Unfortunately, these provisions have highly contributed to develop some deleterious consequences in the body politics such as politicization of public services, growth of nepotism and cronyism, and lumpenisation of society in large for political benefaction. As per provisions of the Constitution, president has immunity from suit and no civil or criminal proceeding can be instituted or continued (Article 35 [1]). And, the only method that can be applied to alleviate his robust play is removing his office by instituting an impeachment (Article 38 [2]) which requires to follow a tedious effort within Parliament.    

Balancing Power

Endeavors for balance of power of the President do not have a long history but there are some of the momentous attempts backed by civil-political movements from the very beginning in 1990s. However, the first successful attempt was made in 2001 under the 17th Amendment to the Constitution establishing an independent ten-member Constitutional Council (Article 41 A [1]) to appoint prominent executive commissions and key administrative figures for the Public Service. Surprisingly and sadly, nearly for a decade after the introduction, the changes did not come into practice owing to severe criticisms against the alterations and political changes happened in the meantime. 

The main condemnation alongside the 17-A was the uneven composition of the Constitutional Council which recommends to appoint a member from minority parties other than the ruling collation and main opposition (Article 41 A [1] F). He may, according the critiques, have an immense bargain power with his decisive vote for the majority in the Council when appointing executive commissions and key administrative figures, it would be catastrophic to ethno-religious cohesion in the Country. This was fuelled by the socio-political scope of Sinhalese-Buddhist chauvinism particularly in the context of North-East conflict and utterly disregarded its importance of operation as an indispensable share of the Constitution.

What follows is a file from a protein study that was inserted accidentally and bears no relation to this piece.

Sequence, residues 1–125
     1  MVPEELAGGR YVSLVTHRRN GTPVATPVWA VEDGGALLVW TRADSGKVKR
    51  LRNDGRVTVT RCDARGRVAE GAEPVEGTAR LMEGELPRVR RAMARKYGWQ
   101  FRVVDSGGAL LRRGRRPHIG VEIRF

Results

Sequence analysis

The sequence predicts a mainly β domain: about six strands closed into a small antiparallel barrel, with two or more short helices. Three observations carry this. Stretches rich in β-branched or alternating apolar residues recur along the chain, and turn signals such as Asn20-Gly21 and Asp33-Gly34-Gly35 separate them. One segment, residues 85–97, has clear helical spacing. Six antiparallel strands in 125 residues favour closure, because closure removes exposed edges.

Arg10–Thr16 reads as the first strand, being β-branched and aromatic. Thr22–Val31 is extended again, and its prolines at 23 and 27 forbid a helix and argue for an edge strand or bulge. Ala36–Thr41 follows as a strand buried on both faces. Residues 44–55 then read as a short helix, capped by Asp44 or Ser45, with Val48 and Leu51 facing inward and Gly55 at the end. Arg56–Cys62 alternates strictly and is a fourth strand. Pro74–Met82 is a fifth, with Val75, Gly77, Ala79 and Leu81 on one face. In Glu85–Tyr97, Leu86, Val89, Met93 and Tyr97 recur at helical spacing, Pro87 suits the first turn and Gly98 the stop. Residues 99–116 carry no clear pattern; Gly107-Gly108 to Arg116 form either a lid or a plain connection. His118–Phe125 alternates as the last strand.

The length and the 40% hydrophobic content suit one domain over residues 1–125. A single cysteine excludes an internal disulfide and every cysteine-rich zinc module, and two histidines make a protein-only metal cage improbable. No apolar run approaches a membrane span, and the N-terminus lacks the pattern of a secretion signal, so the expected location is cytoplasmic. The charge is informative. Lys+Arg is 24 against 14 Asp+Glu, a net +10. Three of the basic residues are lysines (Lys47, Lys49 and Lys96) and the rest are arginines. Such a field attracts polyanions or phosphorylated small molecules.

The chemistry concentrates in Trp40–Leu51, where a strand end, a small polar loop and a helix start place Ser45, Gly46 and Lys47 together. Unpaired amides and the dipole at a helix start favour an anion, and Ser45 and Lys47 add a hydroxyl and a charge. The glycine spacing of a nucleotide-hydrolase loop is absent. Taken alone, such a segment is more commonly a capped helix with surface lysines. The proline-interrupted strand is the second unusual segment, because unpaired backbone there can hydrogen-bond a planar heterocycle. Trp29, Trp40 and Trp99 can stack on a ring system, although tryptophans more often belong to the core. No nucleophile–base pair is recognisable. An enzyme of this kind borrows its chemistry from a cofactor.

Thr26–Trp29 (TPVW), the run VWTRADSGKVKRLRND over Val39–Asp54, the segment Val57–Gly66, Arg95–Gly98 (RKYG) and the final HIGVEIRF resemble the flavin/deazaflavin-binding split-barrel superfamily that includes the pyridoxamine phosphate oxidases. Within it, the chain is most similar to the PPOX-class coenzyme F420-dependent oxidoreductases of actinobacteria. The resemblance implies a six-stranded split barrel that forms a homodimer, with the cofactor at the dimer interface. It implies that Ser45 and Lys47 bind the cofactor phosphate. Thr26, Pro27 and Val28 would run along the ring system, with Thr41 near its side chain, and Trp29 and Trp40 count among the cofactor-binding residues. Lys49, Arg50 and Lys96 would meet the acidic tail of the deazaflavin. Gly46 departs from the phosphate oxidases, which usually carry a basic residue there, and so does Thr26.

Meanwhile, the government forces defeated the LTTE in 2009 and paid a sincere pathway to redecorate the ethno-nationalist movement staged by the Sinhalese-Buddhist movement. As the victories majority celebrates the elimination of Tamil Tigers, the Rajapaksa Government deliberately moved to fishing in the troubled water by drafting 18th Amendment which provisioned the President to enjoy power without any restriction as expressed in the 17-A to the Constitution. The 18-A privileges the President with five-member Parliamentary Council (41 A [1]) to gain the consent of its majority who serve in favor of his political will in the appointments of members for the executive committees and key administrative positions of the Public Service. Moreover, the 18-A brought a significant development by strengthening the state of President through removing the two-term limits and extending it, by election, for a further term (Article 31 (2) b). Even though it added a decorated running by recommending the President to attend Parliament once in every three months (Article 32 [3]), two main reasons triggered it unworkable: the President is not a member of Parliament and it is a ceremonial appear, and there is no tradition to question him in the house at the occupancy of office as the head of state and government.